Volume 24, Number 10—October 2018
VisiEAU 2018—A Vision for Water in Haiti, 20181
Suggested citation for this article
Water is at the core of human existence, and availability and quality serve as key drivers for public health, agriculture, and development. As noted in the keynote address of the VisiEAU 2018—A Vision for Water in Haiti, 2018, conference by Professor Wilson Celestin of the Université d’Etat d’Haiti, challenges with water in Haiti span a range of issues: a lack of coordination among governmental and private institutions at the national and local level; infrastructural limitations for storage, treatment, and distribution systems; data deficiencies to support decision making; disjointed legislation dealing with rights to water; fragmented finance mechanisms for infrastructure enhancement; and education barriers at the community and household level that lead to pervasive health threats.
The issue with water in Haiti is not that the resource is insufficient, but that it is inadequately distributed and poorly managed. Water quality has been degraded because of social and demographic shifts over time, in conjunction with acute and chronic impacts from land use, infrastructure deterioration, and changes in climate. Sixty-two percent of urban and 34% of rural residents have access to distributed water (water collected/distributed to persons living within a radius of 500 m around a water point). However, during 2000–2012, a smaller percentage of the population in both settings used an improved water source (defined as a source protected from exterior contamination). Water treatment practices are not yet widespread, and nearly 3 in 10 households drink untreated water (1). Saline contamination threatens major urban aquifers such as the Plaine du Cul-de-Sac Aquifer, which provides water to 60% of the population living in the Port-au-Prince metropolitan area, because of more than a century of pumping practices that are out-pacing the ability of the aquifer to recharge.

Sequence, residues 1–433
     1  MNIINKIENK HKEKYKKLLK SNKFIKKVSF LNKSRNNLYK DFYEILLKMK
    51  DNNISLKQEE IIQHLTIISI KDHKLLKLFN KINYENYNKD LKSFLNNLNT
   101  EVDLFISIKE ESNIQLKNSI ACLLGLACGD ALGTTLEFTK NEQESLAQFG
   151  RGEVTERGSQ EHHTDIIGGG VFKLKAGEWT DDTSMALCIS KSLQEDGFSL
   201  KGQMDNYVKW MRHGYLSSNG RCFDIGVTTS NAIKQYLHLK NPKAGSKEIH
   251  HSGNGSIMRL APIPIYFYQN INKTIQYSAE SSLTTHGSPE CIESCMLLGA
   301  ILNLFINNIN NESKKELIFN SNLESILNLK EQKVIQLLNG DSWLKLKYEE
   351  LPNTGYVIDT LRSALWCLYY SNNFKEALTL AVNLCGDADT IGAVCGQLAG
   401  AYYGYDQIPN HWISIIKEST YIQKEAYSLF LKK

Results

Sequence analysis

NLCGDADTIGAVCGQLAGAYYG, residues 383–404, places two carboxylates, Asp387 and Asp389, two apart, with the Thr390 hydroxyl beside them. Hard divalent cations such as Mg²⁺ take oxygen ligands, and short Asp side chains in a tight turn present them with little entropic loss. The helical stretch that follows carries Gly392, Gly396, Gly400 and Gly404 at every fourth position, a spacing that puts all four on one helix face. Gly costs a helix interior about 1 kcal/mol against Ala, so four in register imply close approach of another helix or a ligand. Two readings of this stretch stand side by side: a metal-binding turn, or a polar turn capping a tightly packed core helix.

The population of Haiti is currently >10 million and expected to increase to 14 million during the next 20 years. Consumption rates and quality of water resources available to meet growing demand place an increasing emphasis on the need for water governance and management. The Framework Law of 2009 (1) gave rise to Direction Nationale de l’Eau Potable et de l’Assainissement under the Ministry of Public Works for dealing with regulation of potable water through a decentralized system of regional authorities. However, other aspects of water management fall under the jurisdiction of 6 national ministries, each governed by its own rules and functioning within its own budget, making it difficult to develop a coordinated approach. This situation is further complicated by the >50 nongovernmental organizations (NGOs) actively participating in the water and sanitation sector.
Although targets for water and sanitation have been included in Sustainable Development Goal 6, the challenge lies in identifying effective interventions that respond to the diversity of water delivery, which includes wells, community treatment centers, kiosks, water trucks, water sachets, and bottled water products. The presumption that groundwater is potable and does not necessitate further treatment when derived from an engineered source is not necessarily true, a fact that underscores the need for secondary treatment approaches at the community level that balance quantity, quality, and accessibility with cost. Diarrheal diseases remain a major public health challenge; illness are often caused by pathogens transmitted by contaminated water.
VisiEAu 2018 sought to define natural resource characteristics specific to water in Haiti; explore water governance, rights, and legislation in Haiti and across Hispaniola; highlight systems of water management, infrastructure, and distribution; share examples of research activities that investigate transmission of waterborne pathogens and the effect of interventions to date; and identify opportunities to integrate technology into water management for improved health outcomes. The conference also aimed to forge strategic partnerships among relevant government ministries, NGOs, and university researchers to transition policy dialogue into action; and then for this action to inform a new era of best practices in teaching through the creation of a new Water Sanitation and Hygiene Institute at the Université d’Etat d’Haiti, which will have implications for water, sanitation, and hygiene throughout communities across Haiti.